Can we really call the re-birth of a classic, a concept? 0

Guest Blog

This is a guest blog by Servicing Stop PR Executive Jacqueline Gordon

Concept cars, designed for one thing and one thing only – image. We either love them or loathe them. There’s one new concept currently on the block however, that we can’t quite make our minds up on. Traditionally, concept vehicles showcase a brand’s capabilities, new technology and radical designs, but the latest concept to prop up on our automotive timeline is anything but radical.

Jaguar has recently unveiled its zero-emissions version of the 1961 E-type model as its 2017 concept. While surprising fans by bringing back arguably it’s most iconic model, it raised eyebrows, as a concept doesn’t often involve the rebirthing of a classic.

The prototype of its E-type sports car has a fully electric engine – Jaguar’s bid to ‘future-proof classic car ownership’. It follows on from the news that Jaguar Land Rover will stop making diesel and petrol cars as of 2020. Twenty years before the official government ban commences.

Director of Jaguar Land Rover, Tim Manning, said: “Our aim with E-Type Zero is to future-proof classic car ownership. We’re looking forward to the reaction of our clients as we investigate bringing this concept to market.”

Due to its renowned status, the premium brand opted to keep the model as close to the original model as possible; in both appearance and performance, but surely this is merely a welcome-home party for the E-type as opposed to a celebration of a new concept?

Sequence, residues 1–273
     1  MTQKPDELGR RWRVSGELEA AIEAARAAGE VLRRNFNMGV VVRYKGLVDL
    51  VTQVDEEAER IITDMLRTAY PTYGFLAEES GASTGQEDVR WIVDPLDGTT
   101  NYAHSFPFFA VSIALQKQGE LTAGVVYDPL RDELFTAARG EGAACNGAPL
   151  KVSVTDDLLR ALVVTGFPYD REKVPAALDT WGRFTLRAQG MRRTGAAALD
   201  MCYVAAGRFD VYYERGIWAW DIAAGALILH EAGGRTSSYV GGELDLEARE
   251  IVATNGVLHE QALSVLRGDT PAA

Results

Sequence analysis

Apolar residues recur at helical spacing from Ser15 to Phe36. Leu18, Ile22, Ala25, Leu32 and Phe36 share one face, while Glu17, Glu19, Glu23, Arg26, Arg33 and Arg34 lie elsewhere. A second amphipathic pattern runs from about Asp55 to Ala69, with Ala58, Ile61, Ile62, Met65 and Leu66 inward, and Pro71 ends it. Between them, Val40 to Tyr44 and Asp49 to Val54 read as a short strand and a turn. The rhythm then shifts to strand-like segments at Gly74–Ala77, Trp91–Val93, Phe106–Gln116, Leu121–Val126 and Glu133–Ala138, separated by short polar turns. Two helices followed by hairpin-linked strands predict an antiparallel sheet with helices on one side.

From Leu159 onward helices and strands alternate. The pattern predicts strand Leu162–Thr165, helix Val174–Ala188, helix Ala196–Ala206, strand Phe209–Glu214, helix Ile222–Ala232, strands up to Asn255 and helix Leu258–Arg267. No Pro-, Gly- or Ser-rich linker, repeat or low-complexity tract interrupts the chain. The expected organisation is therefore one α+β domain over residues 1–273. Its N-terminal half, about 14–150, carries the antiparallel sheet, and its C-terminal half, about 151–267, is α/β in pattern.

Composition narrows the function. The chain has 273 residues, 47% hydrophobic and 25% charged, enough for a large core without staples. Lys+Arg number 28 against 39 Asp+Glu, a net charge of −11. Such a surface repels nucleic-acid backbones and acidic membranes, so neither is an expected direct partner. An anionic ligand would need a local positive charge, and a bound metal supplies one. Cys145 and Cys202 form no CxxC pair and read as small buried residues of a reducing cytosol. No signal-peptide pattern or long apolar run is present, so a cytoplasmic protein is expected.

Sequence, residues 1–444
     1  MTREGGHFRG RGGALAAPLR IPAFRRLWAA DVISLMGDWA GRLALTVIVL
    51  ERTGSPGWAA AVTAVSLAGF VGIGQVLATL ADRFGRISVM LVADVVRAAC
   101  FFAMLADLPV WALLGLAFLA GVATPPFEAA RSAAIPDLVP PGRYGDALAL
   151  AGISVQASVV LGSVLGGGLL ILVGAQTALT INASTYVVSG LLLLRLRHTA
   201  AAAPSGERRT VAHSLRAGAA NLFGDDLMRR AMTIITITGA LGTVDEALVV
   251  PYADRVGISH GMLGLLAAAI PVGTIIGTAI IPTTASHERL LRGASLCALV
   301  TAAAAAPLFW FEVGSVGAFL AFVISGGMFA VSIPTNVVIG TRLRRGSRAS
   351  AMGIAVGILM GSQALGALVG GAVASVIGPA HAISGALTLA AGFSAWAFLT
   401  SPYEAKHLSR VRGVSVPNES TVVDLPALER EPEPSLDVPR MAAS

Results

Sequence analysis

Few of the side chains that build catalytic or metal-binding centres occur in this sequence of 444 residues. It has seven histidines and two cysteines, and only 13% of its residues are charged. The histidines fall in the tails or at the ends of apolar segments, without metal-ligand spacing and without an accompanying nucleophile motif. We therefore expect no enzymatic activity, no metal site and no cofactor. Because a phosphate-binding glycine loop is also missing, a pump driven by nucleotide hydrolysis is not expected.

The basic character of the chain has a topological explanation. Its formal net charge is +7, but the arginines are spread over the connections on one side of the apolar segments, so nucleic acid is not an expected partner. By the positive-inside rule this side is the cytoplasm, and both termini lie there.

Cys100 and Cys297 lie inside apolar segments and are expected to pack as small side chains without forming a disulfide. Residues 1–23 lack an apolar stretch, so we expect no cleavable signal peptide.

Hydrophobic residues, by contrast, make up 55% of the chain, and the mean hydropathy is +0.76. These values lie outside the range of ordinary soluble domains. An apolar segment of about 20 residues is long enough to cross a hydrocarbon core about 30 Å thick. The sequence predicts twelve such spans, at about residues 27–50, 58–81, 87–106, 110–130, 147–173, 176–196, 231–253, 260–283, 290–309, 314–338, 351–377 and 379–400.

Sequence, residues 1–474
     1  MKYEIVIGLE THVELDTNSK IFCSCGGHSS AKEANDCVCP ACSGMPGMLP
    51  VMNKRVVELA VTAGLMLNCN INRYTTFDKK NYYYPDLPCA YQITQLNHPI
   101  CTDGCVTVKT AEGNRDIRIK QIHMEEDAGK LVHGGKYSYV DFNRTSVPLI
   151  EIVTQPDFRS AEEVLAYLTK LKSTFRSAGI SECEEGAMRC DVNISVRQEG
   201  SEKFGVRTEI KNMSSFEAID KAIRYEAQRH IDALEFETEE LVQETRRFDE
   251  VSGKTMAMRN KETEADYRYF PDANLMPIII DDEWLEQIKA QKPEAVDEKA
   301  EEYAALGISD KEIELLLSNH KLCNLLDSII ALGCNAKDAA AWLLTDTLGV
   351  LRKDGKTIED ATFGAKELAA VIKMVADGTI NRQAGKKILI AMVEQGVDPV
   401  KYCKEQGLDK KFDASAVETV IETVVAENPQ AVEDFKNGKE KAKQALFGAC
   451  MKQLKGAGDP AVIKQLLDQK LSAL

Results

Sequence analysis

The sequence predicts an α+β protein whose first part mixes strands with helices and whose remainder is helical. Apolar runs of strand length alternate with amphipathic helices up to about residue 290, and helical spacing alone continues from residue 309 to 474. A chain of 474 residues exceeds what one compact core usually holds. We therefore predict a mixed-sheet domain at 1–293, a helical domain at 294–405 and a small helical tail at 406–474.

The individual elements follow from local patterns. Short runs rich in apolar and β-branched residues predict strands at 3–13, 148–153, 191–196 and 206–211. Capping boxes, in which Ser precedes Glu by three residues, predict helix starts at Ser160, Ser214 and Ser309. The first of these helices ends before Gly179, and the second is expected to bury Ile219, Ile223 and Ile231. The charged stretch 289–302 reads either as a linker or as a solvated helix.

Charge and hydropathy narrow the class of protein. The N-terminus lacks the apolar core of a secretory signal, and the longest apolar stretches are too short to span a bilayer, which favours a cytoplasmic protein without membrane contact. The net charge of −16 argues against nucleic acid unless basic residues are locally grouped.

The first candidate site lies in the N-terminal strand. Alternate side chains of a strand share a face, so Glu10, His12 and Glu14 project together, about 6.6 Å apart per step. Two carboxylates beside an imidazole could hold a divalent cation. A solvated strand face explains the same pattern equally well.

The model comes in the same year as Rinspeed launched its Oasis Car equipped with an actual garden of Bonsai tree. Volkswagen unveiled its electric Hippie Mobile which can drive 270 miles on a single charge and Toyota wowed with its Batmobile inspired scissor wing doors. But Jaguar? Jaguar have simply replaced the engine of a very classic car. Hardly a concept.

Guest Blog 2

As the major players in the car making name invent cars equipped with gardens, bookshelves and more, Jaguar is content with it’s E-Type and well, there are plenty of fans too.

Hanning said: “The E-type Zero combines the renowned E-type dynamic experience with enhanced performance through electrification. We have integrated the new electric powertrain into the existing E-type structure, which means a conventional engine could be reinstalled at any point.

“We think this is essential as it ensures a period Jaguar remains authentic to its DNA.”

While most concepts are a talent contest of which brand can do the most, Jaguar have one message, and that’s to save classic cars.

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